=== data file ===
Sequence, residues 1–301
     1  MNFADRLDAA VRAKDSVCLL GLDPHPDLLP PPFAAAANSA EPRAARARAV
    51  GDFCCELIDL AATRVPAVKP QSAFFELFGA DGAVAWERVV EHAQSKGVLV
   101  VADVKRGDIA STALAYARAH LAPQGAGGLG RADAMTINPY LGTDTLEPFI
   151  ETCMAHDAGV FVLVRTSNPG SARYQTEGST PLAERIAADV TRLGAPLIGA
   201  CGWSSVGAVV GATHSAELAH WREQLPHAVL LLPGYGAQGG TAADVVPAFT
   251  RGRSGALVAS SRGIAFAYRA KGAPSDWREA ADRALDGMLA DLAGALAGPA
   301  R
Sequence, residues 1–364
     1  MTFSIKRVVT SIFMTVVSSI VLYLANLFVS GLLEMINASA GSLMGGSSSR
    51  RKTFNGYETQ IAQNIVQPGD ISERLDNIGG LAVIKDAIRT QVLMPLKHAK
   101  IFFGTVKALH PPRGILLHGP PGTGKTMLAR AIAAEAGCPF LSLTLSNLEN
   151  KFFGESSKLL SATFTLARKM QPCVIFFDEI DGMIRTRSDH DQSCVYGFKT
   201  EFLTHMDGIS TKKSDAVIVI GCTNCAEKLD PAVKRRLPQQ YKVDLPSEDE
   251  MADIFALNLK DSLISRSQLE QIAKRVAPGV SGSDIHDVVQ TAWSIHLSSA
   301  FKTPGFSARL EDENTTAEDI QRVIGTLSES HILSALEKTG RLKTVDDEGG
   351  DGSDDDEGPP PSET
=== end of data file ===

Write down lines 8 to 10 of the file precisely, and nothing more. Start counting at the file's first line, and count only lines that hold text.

   301  R
Sequence, residues 1–364
     1  MTFSIKRVVT SIFMTVVSSI VLYLANLFVS GLLEMINASA GSLMGGSSSR